Tuesday, October 7, 2014

Defeating Auto-Run with Interesting Paths

Many roguelike games have an "auto run" feature to reduce the tedium of wandering the hallways of the dungeon.  The way it works is that you hit auto run, and it runs along the fairly-predictable corridors until you run into a monster, a treasure, a door, or an intersection.

You cannot do this in Lone Spelunker.  Nor would you (hopefully) want to, because part of the allure of the game is that you never know what's just around the corner.  You could climb into that crawlspace and find yourself in a massive dome chamber.  Or on the precipice of a yawning chasm.  Or in a tight chimney you can climb.  Or a chamber spilling over with flowstone.  Or or or.

One of the primary design goals of the game is to have interesting paths in the game, to defeat the entire purpose of "auto-run" as a feature.  Sometimes, you will be walking easily left and right.  Sometimes, you'll have to watch your step.  Sometimes, you'll be rappelling or zip lining down into chasms.  Sometimes, you'll be free-climbing up chimneys.  But it will always be fun and interesting navigation.  The opposite of auto-run.

For instance, here's a screenshot showing the path I took on a recent expedition into a cave:

That green line is the path that I took through the cave as I was exploring.  The yellow marks are where I hammered pitons into the walls and dropped nylon rope to rappel down or descend safely.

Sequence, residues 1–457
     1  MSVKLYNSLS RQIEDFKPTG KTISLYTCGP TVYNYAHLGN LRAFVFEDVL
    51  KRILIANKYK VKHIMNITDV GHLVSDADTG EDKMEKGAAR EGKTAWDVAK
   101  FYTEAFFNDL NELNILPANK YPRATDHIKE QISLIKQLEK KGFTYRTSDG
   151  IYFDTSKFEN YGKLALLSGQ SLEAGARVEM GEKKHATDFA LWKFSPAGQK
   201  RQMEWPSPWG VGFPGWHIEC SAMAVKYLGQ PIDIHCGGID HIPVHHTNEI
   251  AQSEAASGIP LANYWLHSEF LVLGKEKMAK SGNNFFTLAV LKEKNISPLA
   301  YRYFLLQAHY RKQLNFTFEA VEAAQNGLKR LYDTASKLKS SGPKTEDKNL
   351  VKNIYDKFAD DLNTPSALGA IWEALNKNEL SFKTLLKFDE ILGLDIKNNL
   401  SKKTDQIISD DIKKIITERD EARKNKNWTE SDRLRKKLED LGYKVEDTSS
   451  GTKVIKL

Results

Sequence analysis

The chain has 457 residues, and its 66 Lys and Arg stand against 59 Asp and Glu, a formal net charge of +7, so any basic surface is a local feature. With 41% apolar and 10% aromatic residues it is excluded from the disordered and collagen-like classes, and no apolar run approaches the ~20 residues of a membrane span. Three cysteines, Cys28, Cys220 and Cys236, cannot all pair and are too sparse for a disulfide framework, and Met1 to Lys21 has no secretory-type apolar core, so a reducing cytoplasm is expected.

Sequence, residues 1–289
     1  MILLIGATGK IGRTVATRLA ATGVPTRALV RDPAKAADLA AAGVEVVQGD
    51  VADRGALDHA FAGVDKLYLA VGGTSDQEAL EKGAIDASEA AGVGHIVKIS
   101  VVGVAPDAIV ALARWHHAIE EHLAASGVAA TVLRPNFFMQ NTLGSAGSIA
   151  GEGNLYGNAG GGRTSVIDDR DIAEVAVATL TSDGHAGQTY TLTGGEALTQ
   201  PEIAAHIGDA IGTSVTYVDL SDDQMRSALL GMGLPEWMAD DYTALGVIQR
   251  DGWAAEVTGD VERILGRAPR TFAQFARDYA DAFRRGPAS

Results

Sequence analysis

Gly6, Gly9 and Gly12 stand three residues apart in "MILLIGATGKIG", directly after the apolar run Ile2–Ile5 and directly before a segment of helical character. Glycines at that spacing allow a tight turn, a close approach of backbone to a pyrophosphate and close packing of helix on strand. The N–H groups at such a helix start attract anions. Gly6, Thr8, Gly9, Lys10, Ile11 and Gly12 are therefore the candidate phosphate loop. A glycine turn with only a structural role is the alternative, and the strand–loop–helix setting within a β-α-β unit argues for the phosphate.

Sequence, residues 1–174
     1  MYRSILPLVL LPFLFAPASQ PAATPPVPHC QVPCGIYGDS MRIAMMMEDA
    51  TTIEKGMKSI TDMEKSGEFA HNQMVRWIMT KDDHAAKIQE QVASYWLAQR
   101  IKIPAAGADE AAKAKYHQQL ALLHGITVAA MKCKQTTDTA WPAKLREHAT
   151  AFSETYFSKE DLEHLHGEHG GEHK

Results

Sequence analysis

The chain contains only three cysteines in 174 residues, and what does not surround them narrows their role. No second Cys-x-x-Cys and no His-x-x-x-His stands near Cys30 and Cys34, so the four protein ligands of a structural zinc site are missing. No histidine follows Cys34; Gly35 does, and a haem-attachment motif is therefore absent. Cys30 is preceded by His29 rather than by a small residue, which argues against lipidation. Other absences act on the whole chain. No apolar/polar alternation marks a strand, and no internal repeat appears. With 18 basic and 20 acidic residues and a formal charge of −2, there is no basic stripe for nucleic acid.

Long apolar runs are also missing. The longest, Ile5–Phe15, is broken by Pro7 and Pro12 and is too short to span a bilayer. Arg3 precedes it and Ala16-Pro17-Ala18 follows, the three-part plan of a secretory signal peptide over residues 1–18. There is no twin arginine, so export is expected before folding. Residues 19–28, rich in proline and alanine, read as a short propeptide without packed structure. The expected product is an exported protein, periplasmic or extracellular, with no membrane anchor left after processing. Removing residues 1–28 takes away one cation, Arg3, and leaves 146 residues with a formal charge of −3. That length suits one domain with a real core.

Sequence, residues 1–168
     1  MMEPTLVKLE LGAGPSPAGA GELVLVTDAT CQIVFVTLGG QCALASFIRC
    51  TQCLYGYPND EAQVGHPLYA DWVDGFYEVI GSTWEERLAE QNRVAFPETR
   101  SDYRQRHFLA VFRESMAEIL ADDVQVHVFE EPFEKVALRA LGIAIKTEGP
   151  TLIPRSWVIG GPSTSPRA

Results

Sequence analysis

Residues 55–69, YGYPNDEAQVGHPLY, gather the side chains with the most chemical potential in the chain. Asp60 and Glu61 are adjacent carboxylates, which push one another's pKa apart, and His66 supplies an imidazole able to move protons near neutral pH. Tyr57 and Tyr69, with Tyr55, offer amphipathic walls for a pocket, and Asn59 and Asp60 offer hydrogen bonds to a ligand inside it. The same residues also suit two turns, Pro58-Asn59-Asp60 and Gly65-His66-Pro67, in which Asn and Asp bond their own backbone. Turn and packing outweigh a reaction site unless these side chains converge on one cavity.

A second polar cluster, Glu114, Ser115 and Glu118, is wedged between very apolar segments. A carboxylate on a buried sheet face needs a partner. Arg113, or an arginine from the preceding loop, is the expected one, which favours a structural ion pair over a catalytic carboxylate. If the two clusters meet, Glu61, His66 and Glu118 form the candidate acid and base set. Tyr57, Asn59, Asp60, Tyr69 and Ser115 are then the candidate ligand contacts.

It reminds me of those old Family Circus cartoons which show the path Billy took around the neighborhood getting into trouble, only in this case, it's a lone spelunker moving through a cave system discovering flowstone formations and other treasure troves underground.

First, I entered the cave in the upper right area, and chose a lefthand passage to follow.  A sloping passage with some flowstone led into a tall chamber with a relatively flat floor which ended in a tunnel leading downwards.  I free-climbed down the wall next to a glimmering formation of curtain stone, and then made my way down another sloping tunnel to a place where there was an intersection.  Taking the western passage first, I came to a small, cozy room with a trove in it.  Leaving there, I took the other passage and found another dead end in a larger chamber.

Backtracking, I ran a rope up the wall to get back to the domed chamber, where I found two crawlspaces - one that led down a steep, tight chimney to a small, circular chamber, and another high up on the cavern wall that led to a twisting crawlspace which eventually emptied out into the roof of another chamber.  Rappelling down into that chamber, I found another chimney leading down from that room...

And so on.  Hopefully, that gives you a feel for what moving around in Lone Spelunker is like.  Travel feels fun and exploratory in this game because it is complex, challenging, and dangerous.  It would be hard to add an auto-run feature to this roguelike, but more to the point, it would be counterproductive.  (Although it would be pretty mesmerizing to watch a bot play the game.)

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